Yes and no. Tires should always at least match but could also exceed the original equipment (OE) tire's speed rating. The reason? You want to maintain the vehicle's original performance, handling characteristics and fuel efficiency. Using tires with lower speed ratings could negatively affect the vehicle's handling and overall driving experience.

How is a tire's speed rating determined?

Manufacturers self-evaluate and test their tires to give them their own ratings. They use a variety of factors, including the materials they use to construct it, the tread tire design, and construction techniques.

Can you buy replacement tires with different tire speed ratings?

Remember that you can always increase the speed rating of your vehicle's tires for better performance, but you can never lower it without lowering the vehicle's top speed to the reduced speed rating. Read more about mismatching tires.

What about trailer tire speed ratings?

A complete tire speed rating chart actually begins with the letter A, which translates to tires that are designed to go no faster than 3 mph. Obviously, not many vehicles, even bicycles, are that slow. Tire speed ratings of B through K (except H) are not intended for passenger vehicles. B-rated tires have a maximum speed rating of 31 MPH and K has a maximum 68 MPH; these speed ratings may be more common on farm and construction equipment. 

You might be wondering what the correct speed rating is for trailer tires. You generally want to keep trailer speeds between 55 and 75 MPH. Tire ratings for trailers are G, J, K, or L.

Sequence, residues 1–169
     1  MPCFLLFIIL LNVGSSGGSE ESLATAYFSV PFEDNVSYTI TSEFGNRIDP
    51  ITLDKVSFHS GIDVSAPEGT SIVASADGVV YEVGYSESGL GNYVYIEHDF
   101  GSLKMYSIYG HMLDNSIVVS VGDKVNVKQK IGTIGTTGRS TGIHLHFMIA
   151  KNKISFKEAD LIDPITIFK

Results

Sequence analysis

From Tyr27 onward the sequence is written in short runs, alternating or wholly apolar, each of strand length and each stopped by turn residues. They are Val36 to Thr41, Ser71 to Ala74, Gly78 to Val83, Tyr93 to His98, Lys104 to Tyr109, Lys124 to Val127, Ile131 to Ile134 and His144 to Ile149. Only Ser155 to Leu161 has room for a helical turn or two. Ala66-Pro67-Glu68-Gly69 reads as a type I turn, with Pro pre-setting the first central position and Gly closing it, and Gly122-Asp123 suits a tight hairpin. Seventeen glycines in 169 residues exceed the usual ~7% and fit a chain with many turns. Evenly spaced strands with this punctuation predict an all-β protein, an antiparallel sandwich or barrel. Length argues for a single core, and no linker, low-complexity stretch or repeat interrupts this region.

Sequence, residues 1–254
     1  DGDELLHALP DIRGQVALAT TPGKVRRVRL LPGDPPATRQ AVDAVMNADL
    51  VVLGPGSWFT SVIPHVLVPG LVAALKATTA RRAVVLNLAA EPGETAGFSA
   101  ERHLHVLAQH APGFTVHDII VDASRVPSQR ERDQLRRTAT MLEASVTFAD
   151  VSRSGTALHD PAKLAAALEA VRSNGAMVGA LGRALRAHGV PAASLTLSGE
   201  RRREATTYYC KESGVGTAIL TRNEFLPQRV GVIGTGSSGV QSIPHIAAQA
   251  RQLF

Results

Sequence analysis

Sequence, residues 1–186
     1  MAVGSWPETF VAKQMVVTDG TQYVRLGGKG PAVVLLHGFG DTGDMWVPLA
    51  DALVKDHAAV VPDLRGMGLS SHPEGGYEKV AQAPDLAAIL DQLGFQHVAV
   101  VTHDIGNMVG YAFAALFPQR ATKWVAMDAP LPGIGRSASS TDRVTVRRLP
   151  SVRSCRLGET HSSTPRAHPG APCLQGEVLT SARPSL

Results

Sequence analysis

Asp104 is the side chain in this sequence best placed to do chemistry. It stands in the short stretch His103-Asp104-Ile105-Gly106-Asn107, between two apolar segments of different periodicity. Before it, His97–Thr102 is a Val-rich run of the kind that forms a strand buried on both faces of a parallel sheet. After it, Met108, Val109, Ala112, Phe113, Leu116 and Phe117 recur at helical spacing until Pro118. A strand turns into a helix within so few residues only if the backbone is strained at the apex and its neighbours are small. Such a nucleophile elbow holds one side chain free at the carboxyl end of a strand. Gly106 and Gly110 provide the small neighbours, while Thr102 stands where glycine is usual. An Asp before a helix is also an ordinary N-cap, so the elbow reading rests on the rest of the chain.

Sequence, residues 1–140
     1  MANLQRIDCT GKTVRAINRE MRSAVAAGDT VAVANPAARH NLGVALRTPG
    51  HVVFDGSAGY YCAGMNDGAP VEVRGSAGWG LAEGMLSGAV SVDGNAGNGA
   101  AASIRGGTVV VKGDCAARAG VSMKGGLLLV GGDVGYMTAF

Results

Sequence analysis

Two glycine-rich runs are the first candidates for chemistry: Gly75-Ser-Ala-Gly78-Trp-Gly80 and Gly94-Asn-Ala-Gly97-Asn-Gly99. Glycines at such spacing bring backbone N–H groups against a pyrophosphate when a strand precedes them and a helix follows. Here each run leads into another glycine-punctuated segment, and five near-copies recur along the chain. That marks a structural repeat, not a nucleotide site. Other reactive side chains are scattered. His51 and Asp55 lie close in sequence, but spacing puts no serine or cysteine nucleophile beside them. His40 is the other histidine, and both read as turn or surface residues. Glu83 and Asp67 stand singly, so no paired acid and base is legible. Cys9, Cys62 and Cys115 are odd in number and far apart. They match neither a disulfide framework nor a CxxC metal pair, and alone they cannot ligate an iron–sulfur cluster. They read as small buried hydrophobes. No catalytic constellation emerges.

Common Speed Ratings

When you look at a speed rating chart, you'll notice ratings are represented by letters.

      • Most common speed rating for passenger vehicles: H
      • Most common speed ratings for sedans: H, S and T
      • Most common speed rating for minivans and SUVs: S and T
      • Most common speed rating for sports cars and coups: H
      • Most common speed ratings for light trucks and truck tires: H, N, P, Q, R, S and T
      • Most common speed ratings for high-performance vehicles and EVs: V, W and Y
      • Most common speed ratings for winter tires: Q, S and T

Each letter has a corresponding speed rating approved by the DOT (U.S. Department of Transportation) and the tire manufacturer. The most common speed ratings range from L (75 MPH) to W (168 MPH).

Exotic sports cars typically have a speed rating of 184 MPH, represented by Y.

Difference between H and V rated tires

One of the most common questions we get is to explain the difference between H vs V rated tires. You'll generally find H-rated tires on sports sedans and coupes. H has a maximum speed of 130 MPH. V-rated tires are typically for high-performance sports cars. V has a maximum speed of 149 MPH. At one time, V-rated tires were the highest speed-rated tires, but that has since been replaced by W, Y and Z-rated tires.

How to Read Tire Speed Rating

Where is the speed rating symbol on a tire? There are three places that you can find your vehicle's recommended tire speed rating and dimensions:

  1. Owner's manual
  2. Inside the driver's door panel
  3. Your existing tire's sidewall 

The easiest way to find it is on the tire itself. Looking at the image above, you'll see the letter H on the tire's side. That means this tire speed rating is H.

tire size guide illustration from shu...

When you shop for tires online with Tire Agent, we'll match you with the best aftermarket replacement tires that are available for your vehicle. You can use the filters to narrow your search and compare speed ratings. In this short video, we used a 2016 Honda Accord EX sedan and then narrowed our search to H-rated tires:


Source: BFGoodrich Tire Speed Rating Chart
Photo 44260996 | Car Driving Fast | Nomadsoul1 |